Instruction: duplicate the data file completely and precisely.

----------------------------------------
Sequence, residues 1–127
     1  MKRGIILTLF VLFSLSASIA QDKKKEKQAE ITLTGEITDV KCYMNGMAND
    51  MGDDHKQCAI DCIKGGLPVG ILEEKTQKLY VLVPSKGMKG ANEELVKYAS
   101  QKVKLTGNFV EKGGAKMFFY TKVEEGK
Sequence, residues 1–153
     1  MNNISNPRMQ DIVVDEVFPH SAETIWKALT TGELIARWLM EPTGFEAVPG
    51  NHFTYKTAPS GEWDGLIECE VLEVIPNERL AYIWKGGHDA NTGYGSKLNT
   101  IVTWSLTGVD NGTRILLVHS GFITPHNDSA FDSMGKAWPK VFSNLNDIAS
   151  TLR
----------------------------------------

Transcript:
Sequence, residues 1–127
     1  MKRGIILTLF VLFSLSASIA QDKKKEKQAE ITLTGEITDV KCYMNGMAND
    51  MGDDHKQCAI DCIKGGLPVG ILEEKTQKLY VLVPSKGMKG ANEELVKYAS
   101  QKVKLTGNFV EKGGAKMFFY TKVEEGK
Sequence, residues 1–153
     1  MNNISNPRMQ DIVVDEVFPH SAETIWKALT TGELIARWLM EPTGFEAVPG
    51  NHFTYKTAPS GEWDGLIECE VLEVIPNERL AYIWKGGHDA NTGYGSKLNT
   101  IVTWSLTGVD NGTRILLVHS GFITPHNDSA FDSMGKAWPK VFSNLNDIAS
   151  TLR